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ὀνειρώττουσι κτλ. Krohn (Pl. St. pp. 179—181) accuses Plato of a sudden volte face in regard to mathematical studies. It is true that the same language is used of δόξα in V 476 C (cf. VII 520 C), but there are dreams and dreams, and we may fairly say that if the προπαιδεία is only a dream in comparison with Dialectic, at least it is one of those dreams which come through the gates of horn.

γὰρ ἀρχὴ κτλ. See VI 510 C, D notes ὁμολογίαν means ‘agreement’ ‘harmony’ (“Übereinstimmung” Schneider), viz. of ἀρχή, τελευτή and τὰ μεταξύ, not ‘admissions’ (as D. and V. translate): cf. ὁμολογουμένως l.c.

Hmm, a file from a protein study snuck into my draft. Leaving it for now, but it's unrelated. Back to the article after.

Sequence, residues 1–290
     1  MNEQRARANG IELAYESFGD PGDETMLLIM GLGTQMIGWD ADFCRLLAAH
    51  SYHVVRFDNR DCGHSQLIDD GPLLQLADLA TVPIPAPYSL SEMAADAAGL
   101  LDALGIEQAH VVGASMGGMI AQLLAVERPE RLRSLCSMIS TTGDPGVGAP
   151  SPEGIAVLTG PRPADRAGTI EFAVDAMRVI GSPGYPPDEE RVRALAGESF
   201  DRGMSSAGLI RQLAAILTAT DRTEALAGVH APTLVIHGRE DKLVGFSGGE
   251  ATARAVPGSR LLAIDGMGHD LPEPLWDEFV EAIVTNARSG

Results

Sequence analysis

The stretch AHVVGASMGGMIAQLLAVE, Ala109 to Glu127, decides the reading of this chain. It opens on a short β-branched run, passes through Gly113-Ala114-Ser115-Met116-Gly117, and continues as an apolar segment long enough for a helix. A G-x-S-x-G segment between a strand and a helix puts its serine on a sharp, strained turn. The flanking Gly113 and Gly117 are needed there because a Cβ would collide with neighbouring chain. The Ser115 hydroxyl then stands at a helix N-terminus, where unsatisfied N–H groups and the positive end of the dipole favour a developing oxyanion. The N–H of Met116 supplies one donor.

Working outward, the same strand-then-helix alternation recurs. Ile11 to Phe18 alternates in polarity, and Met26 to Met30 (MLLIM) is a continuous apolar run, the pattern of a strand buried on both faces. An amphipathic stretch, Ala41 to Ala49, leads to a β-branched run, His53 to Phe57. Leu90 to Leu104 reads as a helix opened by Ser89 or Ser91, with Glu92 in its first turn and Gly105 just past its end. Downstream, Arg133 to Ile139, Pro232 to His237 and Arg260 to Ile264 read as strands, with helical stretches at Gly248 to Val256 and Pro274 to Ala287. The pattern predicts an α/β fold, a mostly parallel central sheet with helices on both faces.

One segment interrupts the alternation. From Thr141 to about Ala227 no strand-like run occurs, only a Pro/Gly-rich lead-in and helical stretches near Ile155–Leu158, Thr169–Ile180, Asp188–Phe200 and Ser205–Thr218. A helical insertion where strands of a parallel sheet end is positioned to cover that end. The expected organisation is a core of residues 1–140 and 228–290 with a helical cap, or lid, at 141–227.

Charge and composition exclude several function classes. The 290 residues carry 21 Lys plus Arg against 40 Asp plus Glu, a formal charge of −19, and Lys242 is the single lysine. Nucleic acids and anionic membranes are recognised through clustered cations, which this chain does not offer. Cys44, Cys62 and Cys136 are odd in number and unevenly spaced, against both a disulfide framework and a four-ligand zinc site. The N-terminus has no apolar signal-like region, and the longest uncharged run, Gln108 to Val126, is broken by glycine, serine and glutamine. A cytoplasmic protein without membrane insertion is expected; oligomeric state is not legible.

οὐκοῦν κτλ. ‘Well then,’ said I, ‘the method of dialectic alone proceeds by the destruction of hypotheses to the actual first principle, in order to make its results secure.’ Dialectic examines and cancels (ἀναιρεῖ) one ὑπόθεσις after another, till in the end it reaches the Idea of Good. Suppose for example that ὁσιότης is the subject of discussion. Various ὑποθέσεις are proposed, tested, and overthrown. Out of the ruins of the former ὑποθέσεις we built a new and better one, which must in its turn be thoroughly tested, tried, and perhaps overthrown, before it can serve as a stepping-stone to one which is higher, truer and better: cf. 534 B, C. Now this process of testing, revising, discarding, is not, ideally speaking, complete until we examine the relations of our ὑπόθεσις of ὁσιότης with all νοητά, and in such an examination we apply the same ‘hypothetical method’ throughout the whole noetic sphere, testing and correcting all our ὑποθέσεις by one another. In the final stage, which is of course only an ideal, all our ὑποθέσεις become exact counterparts of the Ideas, and we have reached the ἀρχή or Good. Thereafter the results of Dialectic are βέβαια: see VI 511 B. The earlier steps in this dialectical ascent may be illustrated from many, if not most, of the Platonic dialogues. For ἀναιροῦσα cf. Arist. Topic. Γ 6. 120^{a} 6—31, and especially Eth. Eud. II 6. 1222^{b} 27 f. κινουμένης τῆς ἀρχῆς πάντα μάλιστ᾽ ἂν τὰ δεικνύμενα μεταβάλλοι, αὐτὰ δ᾽ αὑτὰ οὐ μεταβάλλει ἀναιρουμένου θατέρου ὑπὸ θατέρου, ἂν μὴ τῷ τὴν ὑπόθεσιν ἀνελεῖν καὶ δἰ ἐκείνης δεῖξαι. The word is often used in connexion with the Eleatic dialectic, of which Plato's ἐξ ὑποθέσεως ἀνάλυσις (Alcin. Isag. 7), here described, is a development: see RP^{7}. §§ 95 note a, 105 A—106, 110—115. For other views on this passage see App. XV: and for a farther discussion of the method itself and its permanent value in the history of investigation consult App. III.

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